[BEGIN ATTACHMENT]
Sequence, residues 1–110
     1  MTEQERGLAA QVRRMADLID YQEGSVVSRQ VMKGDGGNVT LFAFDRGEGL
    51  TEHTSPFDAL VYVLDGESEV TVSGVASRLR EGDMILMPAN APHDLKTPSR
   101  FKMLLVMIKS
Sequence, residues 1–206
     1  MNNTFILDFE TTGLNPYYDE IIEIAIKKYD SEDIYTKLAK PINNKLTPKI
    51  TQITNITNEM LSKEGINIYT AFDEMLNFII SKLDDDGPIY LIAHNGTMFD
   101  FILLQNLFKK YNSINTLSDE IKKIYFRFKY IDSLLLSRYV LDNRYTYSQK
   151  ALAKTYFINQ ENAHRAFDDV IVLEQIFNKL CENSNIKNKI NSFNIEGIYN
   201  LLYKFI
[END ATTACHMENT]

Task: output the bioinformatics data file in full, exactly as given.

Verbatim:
Sequence, residues 1–110
     1  MTEQERGLAA QVRRMADLID YQEGSVVSRQ VMKGDGGNVT LFAFDRGEGL
    51  TEHTSPFDAL VYVLDGESEV TVSGVASRLR EGDMILMPAN APHDLKTPSR
   101  FKMLLVMIKS
Sequence, residues 1–206
     1  MNNTFILDFE TTGLNPYYDE IIEIAIKKYD SEDIYTKLAK PINNKLTPKI
    51  TQITNITNEM LSKEGINIYT AFDEMLNFII SKLDDDGPIY LIAHNGTMFD
   101  FILLQNLFKK YNSINTLSDE IKKIYFRFKY IDSLLLSRYV LDNRYTYSQK
   151  ALAKTYFINQ ENAHRAFDDV IVLEQIFNKL CENSNIKNKI NSFNIEGIYN
   201  LLYKFI